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Can one say the occurrence of white holes is related to a single point in a spinning black hole? The white holes can form only when the singularity in the black hole is a ring and not a point, right?
Question Date: 2019-03-11
Answer 1:

Since we've never seen a white hole or anything that could be interpreted as such, we can't be sure if they exist at all, let alone how they form.

Einstein's theory of general relativity predicts that spinning black holes will have ring-shaped singularities as opposed to point singularities. However, the very concept of a singularity violates Heisenberg's uncertainty principle from quantum mechanics. Unlike with white holes, we are fairly certain that black holes do exist, since there are a number of objects that we have detected for which black holes are by far the most plausible explanation. Without being able to see what is inside of the event horizon, though, we really don't have any idea of what takes place inside. To the best of my knowledge, most physicists believe that gravity has a quantum description that we haven't yet elucidated. If so, then Einstein is wrong in that real black holes don't contain singularities of any type.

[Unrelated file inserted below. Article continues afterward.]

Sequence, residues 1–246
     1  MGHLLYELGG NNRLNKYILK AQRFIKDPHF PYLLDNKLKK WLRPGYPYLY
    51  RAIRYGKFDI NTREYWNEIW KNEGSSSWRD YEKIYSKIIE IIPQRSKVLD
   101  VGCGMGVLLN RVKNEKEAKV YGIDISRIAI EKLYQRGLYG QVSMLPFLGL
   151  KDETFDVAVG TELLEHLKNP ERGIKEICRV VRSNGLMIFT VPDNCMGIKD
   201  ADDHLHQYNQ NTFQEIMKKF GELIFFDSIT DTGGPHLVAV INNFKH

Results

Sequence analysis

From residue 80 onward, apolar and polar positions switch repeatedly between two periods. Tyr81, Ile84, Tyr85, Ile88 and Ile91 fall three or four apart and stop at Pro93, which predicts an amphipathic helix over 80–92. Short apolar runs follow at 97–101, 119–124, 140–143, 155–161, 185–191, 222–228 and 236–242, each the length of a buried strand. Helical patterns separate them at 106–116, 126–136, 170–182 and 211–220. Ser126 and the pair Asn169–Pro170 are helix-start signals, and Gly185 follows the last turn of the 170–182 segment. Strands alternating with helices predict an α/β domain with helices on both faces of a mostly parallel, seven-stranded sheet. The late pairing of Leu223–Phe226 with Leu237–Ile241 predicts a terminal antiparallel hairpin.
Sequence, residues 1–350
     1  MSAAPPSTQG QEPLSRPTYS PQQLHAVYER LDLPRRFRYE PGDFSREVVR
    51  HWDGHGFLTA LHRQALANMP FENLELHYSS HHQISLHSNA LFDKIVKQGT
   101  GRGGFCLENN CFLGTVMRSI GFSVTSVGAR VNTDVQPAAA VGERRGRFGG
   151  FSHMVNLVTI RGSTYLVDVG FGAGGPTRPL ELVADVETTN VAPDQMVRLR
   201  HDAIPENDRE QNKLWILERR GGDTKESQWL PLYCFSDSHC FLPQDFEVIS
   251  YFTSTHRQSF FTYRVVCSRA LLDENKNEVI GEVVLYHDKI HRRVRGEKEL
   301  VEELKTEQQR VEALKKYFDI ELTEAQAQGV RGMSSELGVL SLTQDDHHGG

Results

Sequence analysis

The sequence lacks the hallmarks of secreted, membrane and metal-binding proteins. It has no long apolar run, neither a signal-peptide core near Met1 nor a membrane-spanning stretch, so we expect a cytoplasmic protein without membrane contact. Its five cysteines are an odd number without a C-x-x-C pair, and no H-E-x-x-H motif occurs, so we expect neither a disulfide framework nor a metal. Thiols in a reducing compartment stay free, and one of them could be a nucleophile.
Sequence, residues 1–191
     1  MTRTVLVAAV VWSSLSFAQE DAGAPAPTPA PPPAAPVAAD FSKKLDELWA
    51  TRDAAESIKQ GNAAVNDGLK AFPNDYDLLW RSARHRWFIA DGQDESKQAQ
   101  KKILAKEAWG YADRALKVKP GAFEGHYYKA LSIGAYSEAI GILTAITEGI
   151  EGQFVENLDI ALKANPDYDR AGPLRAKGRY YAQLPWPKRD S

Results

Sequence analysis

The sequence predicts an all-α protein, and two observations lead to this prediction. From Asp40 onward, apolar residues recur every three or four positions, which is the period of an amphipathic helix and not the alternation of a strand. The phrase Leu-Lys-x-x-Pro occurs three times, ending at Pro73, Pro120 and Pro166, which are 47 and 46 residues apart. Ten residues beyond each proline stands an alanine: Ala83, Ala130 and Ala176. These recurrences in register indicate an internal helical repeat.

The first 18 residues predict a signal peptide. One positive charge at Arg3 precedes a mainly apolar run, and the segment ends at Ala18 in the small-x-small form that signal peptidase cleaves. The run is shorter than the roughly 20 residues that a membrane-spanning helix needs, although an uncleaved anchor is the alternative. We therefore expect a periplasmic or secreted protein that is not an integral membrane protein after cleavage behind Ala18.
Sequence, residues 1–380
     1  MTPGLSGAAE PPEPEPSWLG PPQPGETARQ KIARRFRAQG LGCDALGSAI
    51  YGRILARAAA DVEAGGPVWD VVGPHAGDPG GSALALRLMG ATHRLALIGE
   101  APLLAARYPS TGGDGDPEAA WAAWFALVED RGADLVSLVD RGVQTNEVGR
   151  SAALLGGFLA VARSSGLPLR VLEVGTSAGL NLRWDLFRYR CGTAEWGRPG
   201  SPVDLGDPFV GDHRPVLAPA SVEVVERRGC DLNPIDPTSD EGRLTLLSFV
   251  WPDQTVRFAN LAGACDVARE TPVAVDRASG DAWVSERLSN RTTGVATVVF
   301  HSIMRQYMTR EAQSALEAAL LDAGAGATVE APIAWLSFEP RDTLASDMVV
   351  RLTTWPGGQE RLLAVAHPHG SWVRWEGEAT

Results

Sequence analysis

Answer 2:

I'll just send you this from Wikipedia, because white holes are new to me:
white holes.

In general relativity, a white hole is a hypothetical region of spacetime which cannot be entered from the outside, although matter and light can escape from it. In this sense, it is the reverse of a black hole, which can only be entered from the outside and from which matter and light cannot escape.

If white holes are Hypothetical, I'm not sure how much one can say about them, but the Wikipedia link will will tell you more.



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